By Chris Lane
By Jeff Balke
By Aaron Reiss
By Angelica Leicht
By Dianna Wray
By Aaron Reiss
By Camilo Smith
By Craig Malisow
Proof enough: I have to feel sorry for these people, as their lawyer says it should not be your responsibility to prove what the bank did with your stocks ["Taking Stock," by Sarah Fenske, March 25].
If I were to make a deposit at the bank and realize sometime later that the bank never deposited it into my account, should not the deposit slip be proof enough? Or do I have to track down all the people who gave me cash or checks and go to court with them to prove they gave me the money? Then what more proof will they need to verify they gave me the money? What good are all my Chase Bank deposit slips if they choose to say they are no longer valid because of their age?
I think that is a rather scary thought. If they take my money and it takes several years and huge attorney's fees to prove them wrong, what kind of hardship does that cause me? Will I still have a roof over my head? That brings up another point of concern: My home mortgage is also through Chase. I guess nothing is safe from the wealthy banking industry.
Another account: After reading this article, I am furious. I lived next door to the half-brother, John Burke, caretaker/giver of the deceased Jean Burke Springfield. There are tons of discrepancies to the story told to you by Ms. Scholz and Ms. Satterwhite. Indeed there are dividend receipts -- hard copies, if you will. They are reinvested returns from the original stock held in trust by Chase Manhattan, formerly North Houston years ago.
However, what isn't mentioned is that the original trust letter was found by Mr. Burke himself, and I made him keep it to ensure he gain his portion of the inheritance left by his mother. Also, the lame story of long ago isn't correct; I know this as I took care of Mrs. Burke Springfield personally.
In three years of living next door and helping Mr. Burke with his mother, I saw one car belonging to Mrs. Peacock only three times. Mr. Burke held the dividend receipts as well as the original trust account letter. This letter stated quite clearly that "all dividends be reinvested into each stock," etc...I still hold a copy of the original trust letter and the original seven first dividends, dated 1962.
My question: If one company's stock was found and cashed many years later, then why is there such hassle to the other six held, and why haven't they been reinvested?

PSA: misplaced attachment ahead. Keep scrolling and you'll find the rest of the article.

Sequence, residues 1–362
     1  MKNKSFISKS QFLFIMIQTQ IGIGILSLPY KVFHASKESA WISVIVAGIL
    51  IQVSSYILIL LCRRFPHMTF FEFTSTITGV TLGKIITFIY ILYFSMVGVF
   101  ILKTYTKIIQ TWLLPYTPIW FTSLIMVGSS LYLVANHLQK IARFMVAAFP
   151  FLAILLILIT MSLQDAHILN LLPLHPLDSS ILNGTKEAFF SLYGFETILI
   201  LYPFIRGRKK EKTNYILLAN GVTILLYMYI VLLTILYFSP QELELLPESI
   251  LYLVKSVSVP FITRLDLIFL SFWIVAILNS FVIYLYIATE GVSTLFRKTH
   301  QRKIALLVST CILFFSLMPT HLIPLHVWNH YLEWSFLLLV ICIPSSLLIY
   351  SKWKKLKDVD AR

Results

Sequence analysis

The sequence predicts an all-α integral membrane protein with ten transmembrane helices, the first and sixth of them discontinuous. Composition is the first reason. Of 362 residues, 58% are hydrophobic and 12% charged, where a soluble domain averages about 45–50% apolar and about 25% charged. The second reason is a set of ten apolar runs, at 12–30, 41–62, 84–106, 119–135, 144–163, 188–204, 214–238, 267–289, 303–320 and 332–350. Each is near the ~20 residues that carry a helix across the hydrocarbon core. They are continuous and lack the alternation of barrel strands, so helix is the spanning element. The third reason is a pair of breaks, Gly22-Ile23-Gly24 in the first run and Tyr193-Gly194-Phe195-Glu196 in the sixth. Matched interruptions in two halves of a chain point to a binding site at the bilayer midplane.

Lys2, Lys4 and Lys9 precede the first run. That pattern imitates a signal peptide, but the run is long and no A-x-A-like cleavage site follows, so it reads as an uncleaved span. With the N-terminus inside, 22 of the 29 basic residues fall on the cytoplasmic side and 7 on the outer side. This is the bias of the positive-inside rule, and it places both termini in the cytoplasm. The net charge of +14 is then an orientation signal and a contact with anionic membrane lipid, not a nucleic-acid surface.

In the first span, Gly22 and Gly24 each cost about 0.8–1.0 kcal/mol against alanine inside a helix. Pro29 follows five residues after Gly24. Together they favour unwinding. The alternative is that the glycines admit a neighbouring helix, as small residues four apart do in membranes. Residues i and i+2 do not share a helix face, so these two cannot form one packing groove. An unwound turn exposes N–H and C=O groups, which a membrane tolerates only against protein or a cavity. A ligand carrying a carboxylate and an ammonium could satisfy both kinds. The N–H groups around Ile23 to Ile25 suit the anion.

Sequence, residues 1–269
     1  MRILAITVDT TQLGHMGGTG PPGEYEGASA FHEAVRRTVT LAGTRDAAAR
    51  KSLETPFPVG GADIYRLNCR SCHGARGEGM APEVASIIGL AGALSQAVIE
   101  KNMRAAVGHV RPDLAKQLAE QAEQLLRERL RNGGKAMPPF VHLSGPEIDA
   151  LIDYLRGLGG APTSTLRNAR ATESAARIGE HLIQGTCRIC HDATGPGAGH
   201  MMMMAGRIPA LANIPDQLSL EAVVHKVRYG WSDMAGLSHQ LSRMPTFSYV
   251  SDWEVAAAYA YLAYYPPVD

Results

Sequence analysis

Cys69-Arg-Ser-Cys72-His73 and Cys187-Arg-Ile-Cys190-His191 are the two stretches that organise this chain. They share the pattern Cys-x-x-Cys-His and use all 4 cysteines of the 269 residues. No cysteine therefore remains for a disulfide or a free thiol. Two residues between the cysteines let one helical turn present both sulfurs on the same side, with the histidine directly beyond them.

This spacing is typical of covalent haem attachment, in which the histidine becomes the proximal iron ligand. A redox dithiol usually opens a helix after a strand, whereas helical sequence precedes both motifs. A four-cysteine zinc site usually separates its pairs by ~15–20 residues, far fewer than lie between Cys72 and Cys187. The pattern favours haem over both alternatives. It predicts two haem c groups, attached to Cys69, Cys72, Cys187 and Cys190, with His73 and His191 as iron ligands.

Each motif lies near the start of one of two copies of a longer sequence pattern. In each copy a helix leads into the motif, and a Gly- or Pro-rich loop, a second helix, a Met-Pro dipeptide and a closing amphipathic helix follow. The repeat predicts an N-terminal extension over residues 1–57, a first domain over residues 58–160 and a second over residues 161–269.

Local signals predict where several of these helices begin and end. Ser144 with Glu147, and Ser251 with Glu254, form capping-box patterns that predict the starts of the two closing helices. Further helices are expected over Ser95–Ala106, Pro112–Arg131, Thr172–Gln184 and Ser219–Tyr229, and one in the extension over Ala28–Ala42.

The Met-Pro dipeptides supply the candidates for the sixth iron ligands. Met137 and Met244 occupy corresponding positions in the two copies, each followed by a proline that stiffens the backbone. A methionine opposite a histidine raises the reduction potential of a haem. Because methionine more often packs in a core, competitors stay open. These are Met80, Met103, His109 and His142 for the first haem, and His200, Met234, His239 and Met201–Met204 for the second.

Family values: I think this is another fine example of a large bank thinking that just because it has been a long time since it had any contact with the owner of these stocks, it can keep them for itself. I hope this family gets what is owed to them, as well as damages.
Put up or shut up: If I were a bank, or indeed any other trustee, and I produced a receipt document that flatly stated that property in trust could be returned to the depositor only if the receipt was surrendered, I would keep a record of whatever happened to that property until doomsday. I would be clumsily negligent if I did not.
It doesn't matter a damn whether someone removed that property by some other method, legal or illegal. If the bank has no black-and-white accounting, it has an unchallengable liability and is obliged to immediately settle. Either that, or the trust departments of the J.P. Morgan Chase Bank are not to be trusted and with all the sweeping consequences that implies.
The fact that this straightforward matter has been dragged out for three years of hopeful delays by the bank lawyers reflects badly on the bank as well as our justice system. If the bank indeed has any case, the plaintiffs are entitled to hear it in one immediate presentation. Either that, or pay the honest debt.
Tom R. Dunnam
Doubts from the Past
Reviving the questions: I was 11 when William Bodenheimer was killed ["The Icebox Revisited," by Keven McAlester, March 11]. We lived just 15 minutes from where it happened. For years I have been thinking about this case, looking for information about it and the teens charged with his murder. It's been like a book in my head, but without all the details -- To Kill a Mockingbird, only real.
My mother was obsessed with the case, and we raced out for the newspapers twice each day to read the latest stories. At the time, it didn't occur to many in the white community that the boys could be innocent. My mother thought they were guilty, and hoping they'd be convicted and executed, we followed every trial from start to finish. It seemed justice was being served.
Your article has renewed the questions I had then. Why would they do it? There seemed no motive, not gang or black-on-white violence, as neither really existed in Houston in 1959. It was the end of my innocence in many ways, as it certainly was for those more closely involved.